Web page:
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The Paris Sketch Book of Mr. M. A. Titmarsh   By: (1811-1863)

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By William Makepeace Thackeray

Estes And Lauriat, Boston, Publishers



An Invasion of France

A Caution to Travellers

The Fêtes of July

On the French School of Painting

The Painter's Bargain


On some French Fashionable Novels

A Gambler's Death

Napoleon and his System

The Story of Mary Ancel

Beatrice Merger

Caricatures and Lithography in Paris

Little Poinsinet

The Devil's Wager

Madame Sand and the new Apocalypse

The Case of Peytel

Four Imitations of Béranger

French Dramas and Melodramas

Meditations at Versailles





SIR, It becomes every man in his station to acknowledge and praise virtue wheresoever he may find it, and to point it out for the admiration and example of his fellow men.

Some months since, when you presented to the writer of these pages a small account for coats and pantaloons manufactured by you, and when you were met by a statement from your creditor, that an immediate settlement of your bill would be extremely inconvenient to him; your reply was, "Mon Dieu, Sir, let not that annoy you; if you want money, as a gentleman often does in a strange country, I have a thousand franc note at my house which is quite at your service."

History or experience, Sir, makes us acquainted with so few actions that can be compared to yours, an offer like this from a stranger and a tailor seems to me so astonishing, that you must pardon me for thus making your virtue public, and acquainting the English nation with your merit and your name. Let me add, Sir, that you live on the first floor; that your clothes and fit are excellent, and your charges moderate and just; and, as a humble tribute of my admiration, permit me to lay these volumes at your feet.

Your obliged, faithful servant,



About half of the sketches in these volumes have already appeared in print, in various periodical works. A part of the text of one tale, and the plots of two others, have been borrowed from French originals; the other stories, which are, in the main, true, have been written upon facts and characters that came within the Author's observation during a residence in Paris.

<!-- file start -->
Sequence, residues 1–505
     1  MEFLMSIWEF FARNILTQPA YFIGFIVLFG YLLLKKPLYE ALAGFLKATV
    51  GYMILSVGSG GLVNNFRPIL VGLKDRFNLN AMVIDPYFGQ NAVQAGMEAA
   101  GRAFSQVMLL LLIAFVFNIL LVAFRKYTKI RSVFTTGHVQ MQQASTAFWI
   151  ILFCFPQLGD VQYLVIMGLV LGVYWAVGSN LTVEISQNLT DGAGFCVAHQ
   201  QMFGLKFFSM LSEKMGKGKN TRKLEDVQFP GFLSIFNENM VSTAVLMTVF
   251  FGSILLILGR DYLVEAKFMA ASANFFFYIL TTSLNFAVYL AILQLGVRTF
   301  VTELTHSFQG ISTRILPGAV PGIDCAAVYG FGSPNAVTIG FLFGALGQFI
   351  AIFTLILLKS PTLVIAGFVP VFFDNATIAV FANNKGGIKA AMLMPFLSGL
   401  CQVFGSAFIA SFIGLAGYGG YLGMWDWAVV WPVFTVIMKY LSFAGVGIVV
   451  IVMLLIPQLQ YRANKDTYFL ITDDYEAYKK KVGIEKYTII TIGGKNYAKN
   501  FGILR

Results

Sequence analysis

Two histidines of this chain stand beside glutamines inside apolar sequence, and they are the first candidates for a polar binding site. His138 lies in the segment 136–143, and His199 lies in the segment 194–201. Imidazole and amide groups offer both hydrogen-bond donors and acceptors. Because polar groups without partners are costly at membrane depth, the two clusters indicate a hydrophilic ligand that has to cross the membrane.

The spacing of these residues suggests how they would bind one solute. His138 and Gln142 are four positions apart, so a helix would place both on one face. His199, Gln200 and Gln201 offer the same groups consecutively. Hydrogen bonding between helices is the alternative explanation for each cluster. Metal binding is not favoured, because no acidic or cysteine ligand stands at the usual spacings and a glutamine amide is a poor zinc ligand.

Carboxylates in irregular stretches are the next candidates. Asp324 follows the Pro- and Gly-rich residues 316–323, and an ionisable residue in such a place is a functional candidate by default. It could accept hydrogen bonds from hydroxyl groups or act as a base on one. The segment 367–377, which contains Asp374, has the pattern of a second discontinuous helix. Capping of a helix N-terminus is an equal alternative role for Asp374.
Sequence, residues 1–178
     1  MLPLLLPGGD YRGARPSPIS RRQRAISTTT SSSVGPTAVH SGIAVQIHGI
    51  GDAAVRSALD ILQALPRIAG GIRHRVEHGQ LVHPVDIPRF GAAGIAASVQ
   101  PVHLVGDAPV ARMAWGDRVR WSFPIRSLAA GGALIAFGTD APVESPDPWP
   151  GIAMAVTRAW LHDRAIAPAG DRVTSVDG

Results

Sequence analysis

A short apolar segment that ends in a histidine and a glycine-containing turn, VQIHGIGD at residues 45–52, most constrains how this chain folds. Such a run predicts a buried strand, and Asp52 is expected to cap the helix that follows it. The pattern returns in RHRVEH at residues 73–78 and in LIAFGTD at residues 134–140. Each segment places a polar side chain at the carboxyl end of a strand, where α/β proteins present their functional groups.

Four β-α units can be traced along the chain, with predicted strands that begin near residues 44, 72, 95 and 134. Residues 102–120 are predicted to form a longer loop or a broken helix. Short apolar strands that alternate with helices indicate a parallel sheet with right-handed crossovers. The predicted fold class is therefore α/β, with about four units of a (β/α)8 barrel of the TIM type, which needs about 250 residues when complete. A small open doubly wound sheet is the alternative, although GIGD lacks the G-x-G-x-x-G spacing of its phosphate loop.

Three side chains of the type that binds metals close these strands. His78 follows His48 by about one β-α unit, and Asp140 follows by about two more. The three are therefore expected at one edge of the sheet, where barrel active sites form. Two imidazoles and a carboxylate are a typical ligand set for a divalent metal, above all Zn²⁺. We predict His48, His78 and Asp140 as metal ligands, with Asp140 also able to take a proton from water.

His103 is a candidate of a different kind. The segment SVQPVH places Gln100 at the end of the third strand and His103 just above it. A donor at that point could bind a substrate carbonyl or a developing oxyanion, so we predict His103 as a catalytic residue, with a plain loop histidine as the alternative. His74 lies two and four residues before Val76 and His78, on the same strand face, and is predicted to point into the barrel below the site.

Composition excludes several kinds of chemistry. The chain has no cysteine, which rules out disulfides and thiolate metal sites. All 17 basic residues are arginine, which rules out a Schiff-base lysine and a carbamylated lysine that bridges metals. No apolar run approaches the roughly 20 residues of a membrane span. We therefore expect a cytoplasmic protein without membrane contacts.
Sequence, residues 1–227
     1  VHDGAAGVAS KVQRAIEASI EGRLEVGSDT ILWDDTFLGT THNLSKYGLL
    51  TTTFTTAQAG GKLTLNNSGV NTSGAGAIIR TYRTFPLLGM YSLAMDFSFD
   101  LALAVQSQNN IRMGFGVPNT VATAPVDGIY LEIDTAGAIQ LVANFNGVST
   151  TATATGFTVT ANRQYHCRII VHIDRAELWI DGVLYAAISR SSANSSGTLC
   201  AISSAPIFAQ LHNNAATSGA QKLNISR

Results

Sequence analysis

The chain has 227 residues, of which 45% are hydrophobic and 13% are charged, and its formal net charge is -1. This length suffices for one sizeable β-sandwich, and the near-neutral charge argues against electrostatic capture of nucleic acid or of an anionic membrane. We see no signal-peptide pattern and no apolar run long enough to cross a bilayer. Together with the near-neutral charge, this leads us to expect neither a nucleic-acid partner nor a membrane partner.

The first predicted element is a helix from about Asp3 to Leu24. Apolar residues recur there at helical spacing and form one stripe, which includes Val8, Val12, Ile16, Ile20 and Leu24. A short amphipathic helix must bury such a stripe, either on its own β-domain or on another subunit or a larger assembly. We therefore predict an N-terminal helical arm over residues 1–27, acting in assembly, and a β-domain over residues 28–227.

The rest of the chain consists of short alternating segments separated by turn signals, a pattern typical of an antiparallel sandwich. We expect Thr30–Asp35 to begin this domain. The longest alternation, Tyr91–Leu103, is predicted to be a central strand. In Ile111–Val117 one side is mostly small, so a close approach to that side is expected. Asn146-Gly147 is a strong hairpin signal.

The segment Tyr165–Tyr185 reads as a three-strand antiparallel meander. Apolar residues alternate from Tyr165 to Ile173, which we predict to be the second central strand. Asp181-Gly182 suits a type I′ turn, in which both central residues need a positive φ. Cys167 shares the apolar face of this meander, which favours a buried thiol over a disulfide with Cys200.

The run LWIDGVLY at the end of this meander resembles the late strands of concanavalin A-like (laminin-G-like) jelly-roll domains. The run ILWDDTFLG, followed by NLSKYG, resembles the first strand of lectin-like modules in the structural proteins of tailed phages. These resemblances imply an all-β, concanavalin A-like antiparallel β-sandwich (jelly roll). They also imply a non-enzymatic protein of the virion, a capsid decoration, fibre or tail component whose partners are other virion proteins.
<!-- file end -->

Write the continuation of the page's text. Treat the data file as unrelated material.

As the remaining papers relate to public events which occurred during the same period, or to Parisian Art and Literature, he has ventured to give his publication the title which it bears.

LONDON, July 1, 1840.


"Caesar venit in Galliam summâ diligentiâ."

About twelve o'clock, just as the bell of the packet is tolling a farewell to London Bridge, and warning off the blackguard boys with the newspapers, who have been shoving Times, Herald, Penny Paul Pry, Penny Satirist, Flare up, and other abominations, into your face just as the bell has tolled, and the Jews, strangers, people taking leave of their families, and blackguard boys aforesaid, are making a rush for the narrow plank which conducts from the paddle box of the "Emerald" steamboat unto the quay you perceive, staggering down Thames Street, those two hackney coaches, for the arrival of which you have been praying, trembling, hoping, despairing, swearing sw , I beg your pardon, I believe the word is not used in polite company and transpiring, for the last half hour. Yes, at last, the two coaches draw near, and from thence an awful number of trunks, children, carpet bags, nursery maids, hat boxes, band boxes, bonnet boxes, desks, cloaks, and an affectionate wife, are discharged on the quay.

"Elizabeth, take care of Miss Jane," screams that worthy woman, who has been for a fortnight employed in getting this tremendous body of troops and baggage into marching order. "Hicks! Hicks! for heaven's sake mind the babies!" "George Edward, sir, if you go near that porter with the trunk, he will tumble down and kill you, you naughty boy! My love, DO take the cloaks and umbrellas, and give a hand to Fanny and Lucy; and I wish you would speak to the hackney coachmen, dear, they want fifteen shillings, and count the packages, love twenty seven packages, and bring little Flo; where's little Flo? Flo! Flo!" (Flo comes sneaking in; she has been speaking a few parting words to a one eyed terrier, that sneaks off similarly, landward... Continue reading book >>

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